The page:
The “science wars” are a contentious, ongoing series of debates about the nature of knowledge and the proper role of the scientific method. The participants take many forms, but always central to the controversy are postmodern ideas that challenge commonly accepted understandings of the objectivity of data, science, and sometimes even reality. In this paper, we consider the relevance of these debates for the practice of economics. Ultimately we propose that these debates present two opportunities and a significant challenge to the discipline of economics. The opportunities are: 1) to incorporate post-positivist philosophy of science as a way to better interpret the meanings that become attached to institutions, which is particularly important for studies of political hierarchy and oppression, and 2) to do better empirical work by robustly incorporating interpretation into the gathering and analysis of data. The challenge is to do this work without abandoning economic theory itself, preserving the critically important insights of the universal logic of human choice while abandoning the illusion of a single best scientific method.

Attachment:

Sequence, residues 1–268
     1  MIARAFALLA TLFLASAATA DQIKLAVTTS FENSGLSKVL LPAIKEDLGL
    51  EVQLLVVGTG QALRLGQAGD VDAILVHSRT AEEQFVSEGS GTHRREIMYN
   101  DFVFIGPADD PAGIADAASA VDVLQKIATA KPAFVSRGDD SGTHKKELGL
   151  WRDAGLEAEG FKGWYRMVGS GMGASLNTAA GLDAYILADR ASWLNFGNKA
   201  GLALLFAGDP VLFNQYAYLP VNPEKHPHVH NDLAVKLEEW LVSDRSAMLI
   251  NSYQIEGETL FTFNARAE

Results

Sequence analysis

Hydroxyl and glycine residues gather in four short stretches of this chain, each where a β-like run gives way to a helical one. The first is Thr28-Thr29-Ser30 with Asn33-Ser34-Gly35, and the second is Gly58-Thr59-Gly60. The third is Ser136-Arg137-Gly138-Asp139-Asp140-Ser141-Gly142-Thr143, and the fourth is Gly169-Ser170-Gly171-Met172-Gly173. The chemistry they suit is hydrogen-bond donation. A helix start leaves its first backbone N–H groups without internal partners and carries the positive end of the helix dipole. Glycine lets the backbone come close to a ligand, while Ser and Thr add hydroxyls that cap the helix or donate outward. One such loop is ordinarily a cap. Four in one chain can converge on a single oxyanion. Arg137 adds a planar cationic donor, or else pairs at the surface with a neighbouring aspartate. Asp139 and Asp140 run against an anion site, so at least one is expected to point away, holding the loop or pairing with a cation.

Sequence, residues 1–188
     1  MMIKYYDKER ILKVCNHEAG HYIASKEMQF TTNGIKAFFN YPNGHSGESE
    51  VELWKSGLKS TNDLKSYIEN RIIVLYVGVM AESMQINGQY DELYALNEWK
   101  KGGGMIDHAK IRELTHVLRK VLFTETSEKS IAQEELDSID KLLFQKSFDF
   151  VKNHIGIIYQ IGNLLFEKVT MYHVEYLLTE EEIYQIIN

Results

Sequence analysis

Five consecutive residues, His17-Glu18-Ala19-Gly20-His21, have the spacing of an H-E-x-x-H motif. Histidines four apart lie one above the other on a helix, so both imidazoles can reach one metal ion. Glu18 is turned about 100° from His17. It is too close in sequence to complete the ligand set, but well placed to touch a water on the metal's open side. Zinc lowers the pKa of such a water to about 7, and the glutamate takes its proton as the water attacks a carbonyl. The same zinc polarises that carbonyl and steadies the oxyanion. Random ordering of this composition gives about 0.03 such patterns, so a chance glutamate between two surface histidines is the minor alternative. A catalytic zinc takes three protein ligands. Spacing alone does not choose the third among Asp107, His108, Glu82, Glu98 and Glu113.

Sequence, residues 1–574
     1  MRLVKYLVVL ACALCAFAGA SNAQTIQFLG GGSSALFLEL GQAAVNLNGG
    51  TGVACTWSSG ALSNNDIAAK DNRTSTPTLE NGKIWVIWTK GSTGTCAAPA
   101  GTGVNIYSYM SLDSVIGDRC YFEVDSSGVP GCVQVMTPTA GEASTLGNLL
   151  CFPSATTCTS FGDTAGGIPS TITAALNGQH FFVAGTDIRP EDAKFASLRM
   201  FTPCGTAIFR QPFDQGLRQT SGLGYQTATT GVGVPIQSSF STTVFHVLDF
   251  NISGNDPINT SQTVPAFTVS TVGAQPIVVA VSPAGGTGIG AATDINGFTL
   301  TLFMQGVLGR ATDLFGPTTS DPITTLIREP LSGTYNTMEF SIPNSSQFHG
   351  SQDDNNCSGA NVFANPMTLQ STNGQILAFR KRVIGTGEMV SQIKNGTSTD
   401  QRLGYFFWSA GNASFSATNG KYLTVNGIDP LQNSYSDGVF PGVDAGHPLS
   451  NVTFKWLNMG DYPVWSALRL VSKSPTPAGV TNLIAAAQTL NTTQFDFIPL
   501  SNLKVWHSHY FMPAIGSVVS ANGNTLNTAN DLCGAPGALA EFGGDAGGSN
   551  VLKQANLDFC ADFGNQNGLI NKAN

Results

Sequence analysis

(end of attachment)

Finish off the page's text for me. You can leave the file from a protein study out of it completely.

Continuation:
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Also called the Sokal Affair.
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The authors wish to think Peter Boettke, Bruce Caldwell, Virgil Henry Storr, and the participants in the Austrian School of Economics Workshop at the Wirth Institute for Austrian and Central European Studies at the University of Alberta. They provided many valuable comments and suggestions. All remaining errors are our own.
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Lemke, J., Kroencke, J. Methodological confusions and the science wars in economics. Rev Austrian Econ 33, 87–106 (2020). https://doi.org/10.1007/s11138-019-00466-9